(Photo: Daniel Boczarski/Getty Images )

The question implicit in the recent buzz around movie theater discounter MoviePass has always been “How long can they keep this up?” There is, after all, a reason that more companies don’t try to draw in customers by selling them things for significantly less than the company pays for them itself, and the reason is that that isn’t really how numbers are supposed to work.

Now, we’re starting to see the first signs of what may turn out to be the wheels coming off the MoviePass bus, as reports crop up today of New York theaters turning away the service’s customers, who pay $10 a month for a pass that promises to let them watch a movie every single day at most major theater chains. This is per Polygon, which reports that customers at New York’s AMC Empire 25 theater were unable to secure their tickets today, and were told by MoviePass that that specific location was no longer participating in the program.

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MoviePass confirmed to its customers that that particular location was now outside its network, stating in a tweet that “we no longer work with this theater. We hope to partner with them again.” AMC, meanwhile, basically said, “This is MoviePass’ problem, go yell at them, not us.”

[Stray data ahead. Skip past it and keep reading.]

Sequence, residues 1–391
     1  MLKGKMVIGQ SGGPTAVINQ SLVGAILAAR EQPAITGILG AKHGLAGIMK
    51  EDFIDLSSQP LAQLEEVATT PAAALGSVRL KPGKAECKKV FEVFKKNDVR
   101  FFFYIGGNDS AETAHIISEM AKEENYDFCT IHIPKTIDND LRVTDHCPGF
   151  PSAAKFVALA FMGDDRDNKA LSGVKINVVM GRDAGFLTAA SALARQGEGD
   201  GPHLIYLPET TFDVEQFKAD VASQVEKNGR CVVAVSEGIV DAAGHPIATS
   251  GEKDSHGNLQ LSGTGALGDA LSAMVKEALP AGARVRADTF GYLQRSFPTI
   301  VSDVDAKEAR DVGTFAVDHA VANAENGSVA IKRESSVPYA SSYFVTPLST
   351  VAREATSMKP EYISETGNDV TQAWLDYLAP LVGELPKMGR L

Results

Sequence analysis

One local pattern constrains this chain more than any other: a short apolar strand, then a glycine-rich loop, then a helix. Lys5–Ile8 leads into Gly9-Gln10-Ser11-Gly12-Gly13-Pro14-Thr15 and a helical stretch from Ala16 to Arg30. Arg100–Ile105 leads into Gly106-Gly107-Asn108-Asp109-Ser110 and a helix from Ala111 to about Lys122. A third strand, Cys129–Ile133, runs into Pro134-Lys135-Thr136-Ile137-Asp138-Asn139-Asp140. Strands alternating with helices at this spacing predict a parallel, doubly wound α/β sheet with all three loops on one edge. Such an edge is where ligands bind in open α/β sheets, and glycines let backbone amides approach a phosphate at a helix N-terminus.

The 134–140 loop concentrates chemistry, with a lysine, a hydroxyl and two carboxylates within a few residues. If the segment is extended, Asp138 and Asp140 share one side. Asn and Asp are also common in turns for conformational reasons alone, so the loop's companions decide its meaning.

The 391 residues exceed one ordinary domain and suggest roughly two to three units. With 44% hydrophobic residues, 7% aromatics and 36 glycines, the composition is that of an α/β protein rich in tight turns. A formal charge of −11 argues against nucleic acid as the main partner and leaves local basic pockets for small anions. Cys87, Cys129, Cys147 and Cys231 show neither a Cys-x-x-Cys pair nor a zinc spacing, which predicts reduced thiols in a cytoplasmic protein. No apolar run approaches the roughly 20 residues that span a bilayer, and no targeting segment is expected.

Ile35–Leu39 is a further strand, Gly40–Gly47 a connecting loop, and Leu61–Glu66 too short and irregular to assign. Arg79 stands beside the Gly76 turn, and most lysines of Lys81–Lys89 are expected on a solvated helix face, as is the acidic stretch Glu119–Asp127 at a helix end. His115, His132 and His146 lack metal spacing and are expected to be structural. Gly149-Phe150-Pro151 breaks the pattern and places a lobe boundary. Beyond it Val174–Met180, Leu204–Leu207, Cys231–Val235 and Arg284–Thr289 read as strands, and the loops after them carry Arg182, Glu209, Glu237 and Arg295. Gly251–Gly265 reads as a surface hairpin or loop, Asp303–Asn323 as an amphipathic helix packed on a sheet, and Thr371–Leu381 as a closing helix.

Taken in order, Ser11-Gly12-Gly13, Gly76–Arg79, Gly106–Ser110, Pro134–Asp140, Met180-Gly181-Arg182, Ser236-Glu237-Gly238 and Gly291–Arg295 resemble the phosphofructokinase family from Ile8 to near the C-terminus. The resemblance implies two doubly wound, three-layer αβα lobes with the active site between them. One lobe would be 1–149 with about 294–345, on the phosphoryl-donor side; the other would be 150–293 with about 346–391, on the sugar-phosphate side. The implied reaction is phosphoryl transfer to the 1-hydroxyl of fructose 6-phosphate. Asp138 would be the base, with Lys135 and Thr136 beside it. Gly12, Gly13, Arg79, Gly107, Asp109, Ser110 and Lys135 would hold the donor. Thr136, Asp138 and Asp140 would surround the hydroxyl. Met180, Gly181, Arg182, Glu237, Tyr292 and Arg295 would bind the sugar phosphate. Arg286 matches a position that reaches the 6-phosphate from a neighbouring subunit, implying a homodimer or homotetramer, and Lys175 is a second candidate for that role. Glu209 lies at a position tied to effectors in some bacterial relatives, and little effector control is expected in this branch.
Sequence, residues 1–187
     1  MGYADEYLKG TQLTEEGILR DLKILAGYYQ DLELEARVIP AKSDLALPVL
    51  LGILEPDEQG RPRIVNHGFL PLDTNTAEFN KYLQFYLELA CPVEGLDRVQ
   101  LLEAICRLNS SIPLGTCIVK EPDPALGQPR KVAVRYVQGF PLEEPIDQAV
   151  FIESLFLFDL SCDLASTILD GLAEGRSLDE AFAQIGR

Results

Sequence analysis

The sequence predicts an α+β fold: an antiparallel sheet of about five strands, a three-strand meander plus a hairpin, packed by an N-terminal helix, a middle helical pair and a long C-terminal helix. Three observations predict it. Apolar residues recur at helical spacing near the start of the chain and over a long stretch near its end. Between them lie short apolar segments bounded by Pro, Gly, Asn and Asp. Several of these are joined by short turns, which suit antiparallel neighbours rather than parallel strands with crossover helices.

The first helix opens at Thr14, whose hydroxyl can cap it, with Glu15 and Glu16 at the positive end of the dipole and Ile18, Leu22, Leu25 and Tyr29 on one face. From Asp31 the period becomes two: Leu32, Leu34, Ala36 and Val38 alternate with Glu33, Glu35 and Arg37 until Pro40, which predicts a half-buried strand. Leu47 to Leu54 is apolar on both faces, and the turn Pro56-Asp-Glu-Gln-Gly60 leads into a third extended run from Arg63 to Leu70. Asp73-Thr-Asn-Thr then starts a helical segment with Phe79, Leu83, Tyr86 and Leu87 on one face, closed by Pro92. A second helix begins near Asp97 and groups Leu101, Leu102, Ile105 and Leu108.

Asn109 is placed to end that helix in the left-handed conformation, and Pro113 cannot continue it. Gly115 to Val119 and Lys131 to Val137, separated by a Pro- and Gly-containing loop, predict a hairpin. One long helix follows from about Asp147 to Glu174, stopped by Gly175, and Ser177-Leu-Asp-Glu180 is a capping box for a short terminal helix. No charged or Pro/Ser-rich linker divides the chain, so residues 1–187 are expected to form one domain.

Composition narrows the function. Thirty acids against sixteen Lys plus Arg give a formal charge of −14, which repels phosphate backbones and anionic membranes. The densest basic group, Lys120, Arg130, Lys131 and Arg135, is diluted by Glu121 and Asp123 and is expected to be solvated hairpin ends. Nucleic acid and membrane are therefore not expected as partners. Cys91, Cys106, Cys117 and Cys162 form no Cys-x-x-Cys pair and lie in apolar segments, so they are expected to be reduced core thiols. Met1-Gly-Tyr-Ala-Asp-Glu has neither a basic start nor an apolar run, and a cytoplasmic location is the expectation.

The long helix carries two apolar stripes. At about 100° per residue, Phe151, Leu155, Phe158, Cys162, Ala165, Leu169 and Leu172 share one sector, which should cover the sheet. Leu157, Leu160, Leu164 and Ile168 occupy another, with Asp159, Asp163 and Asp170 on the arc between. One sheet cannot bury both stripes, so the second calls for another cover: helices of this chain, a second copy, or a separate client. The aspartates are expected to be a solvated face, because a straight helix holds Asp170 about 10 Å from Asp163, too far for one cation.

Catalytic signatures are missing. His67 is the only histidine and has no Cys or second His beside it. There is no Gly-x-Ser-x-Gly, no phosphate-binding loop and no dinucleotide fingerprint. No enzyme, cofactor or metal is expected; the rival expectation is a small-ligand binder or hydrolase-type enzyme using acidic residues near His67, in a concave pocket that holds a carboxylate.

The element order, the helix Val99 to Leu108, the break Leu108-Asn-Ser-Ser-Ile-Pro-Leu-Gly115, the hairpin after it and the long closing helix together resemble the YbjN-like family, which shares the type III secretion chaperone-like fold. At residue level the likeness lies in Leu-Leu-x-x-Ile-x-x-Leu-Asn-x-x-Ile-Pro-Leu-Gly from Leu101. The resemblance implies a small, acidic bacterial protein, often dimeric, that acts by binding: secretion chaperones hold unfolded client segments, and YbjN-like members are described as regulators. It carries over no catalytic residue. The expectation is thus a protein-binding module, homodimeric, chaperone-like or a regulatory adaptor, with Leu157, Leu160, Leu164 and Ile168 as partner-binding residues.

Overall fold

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MoviePass’ CEO, Mitch Lowe, later issued a more comprehensive press release about the changes to the company’s list of partners:

As of today, you’ll find a small handful of theaters are no longer available on our platform. Our number one goal as a company is to provide an accessible price-point for people to enjoy films the way they’re meant to be seen: on the big screen. Many exhibitors have been receptive to this mission, and we’re excited to keep working with theater chains that are closely aligned with our customer service values.

As we continue to strive for mutually-beneficial relationships with theaters, the list of theaters we work with is subject to change. We advise customers to always double check the MoviePass app for the most up-to-date list of participating theaters.

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We’re reading between the lines here, but it feels plausible from Lowe’s words that MoviePass is telling chains that they’d better pony up some “accessible price points,” pronto, or the company will pull support for them, leaving them with a bunch of angry customers in their lobbies, demanding to know where their free movie tickets are. (MoviePass operates by buying tickets through MasterCard, then distributing them to its users at a reduced price.) This is, presumably, exactly the sort of thing AMC was afraid of when MoviePass first debuted its reduced pricing, which led the chain to threaten legal action against the service at the time. It’s not clear yet what today’s scuffle means for either company going forward.

In the meantime, though, MoviePass users should be aware that the company’s availability is likely to fluctuate as this all shakes out. Be sure to check your list of participating locations before you head out to the theater, or you might be in for some box office disappointment of your own.